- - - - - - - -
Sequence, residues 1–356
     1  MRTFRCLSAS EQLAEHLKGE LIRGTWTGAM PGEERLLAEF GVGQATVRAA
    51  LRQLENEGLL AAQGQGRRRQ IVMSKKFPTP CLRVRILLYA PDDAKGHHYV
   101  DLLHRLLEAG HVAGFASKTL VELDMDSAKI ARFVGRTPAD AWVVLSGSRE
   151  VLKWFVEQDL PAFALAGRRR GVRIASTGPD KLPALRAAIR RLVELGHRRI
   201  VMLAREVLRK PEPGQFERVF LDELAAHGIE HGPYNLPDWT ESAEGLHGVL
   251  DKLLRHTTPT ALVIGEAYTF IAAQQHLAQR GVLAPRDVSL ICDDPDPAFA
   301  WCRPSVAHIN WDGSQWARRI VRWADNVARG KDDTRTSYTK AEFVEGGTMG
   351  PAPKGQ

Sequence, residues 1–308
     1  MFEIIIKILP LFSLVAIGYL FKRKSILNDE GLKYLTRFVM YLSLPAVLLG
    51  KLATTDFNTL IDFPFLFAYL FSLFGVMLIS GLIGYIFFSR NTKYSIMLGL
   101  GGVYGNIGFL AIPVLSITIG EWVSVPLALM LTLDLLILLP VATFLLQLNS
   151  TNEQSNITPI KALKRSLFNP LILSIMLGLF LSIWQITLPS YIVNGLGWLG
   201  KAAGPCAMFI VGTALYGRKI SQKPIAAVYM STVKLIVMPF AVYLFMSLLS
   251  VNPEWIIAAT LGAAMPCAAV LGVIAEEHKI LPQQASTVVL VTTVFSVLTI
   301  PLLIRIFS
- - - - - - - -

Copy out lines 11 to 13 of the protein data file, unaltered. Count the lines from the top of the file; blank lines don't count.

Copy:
     1  MFEIIIKILP LFSLVAIGYL FKRKSILNDE GLKYLTRFVM YLSLPAVLLG
    51  KLATTDFNTL IDFPFLFAYL FSLFGVMLIS GLIGYIFFSR NTKYSIMLGL
   101  GGVYGNIGFL AIPVLSITIG EWVSVPLALM LTLDLLILLP VATFLLQLNS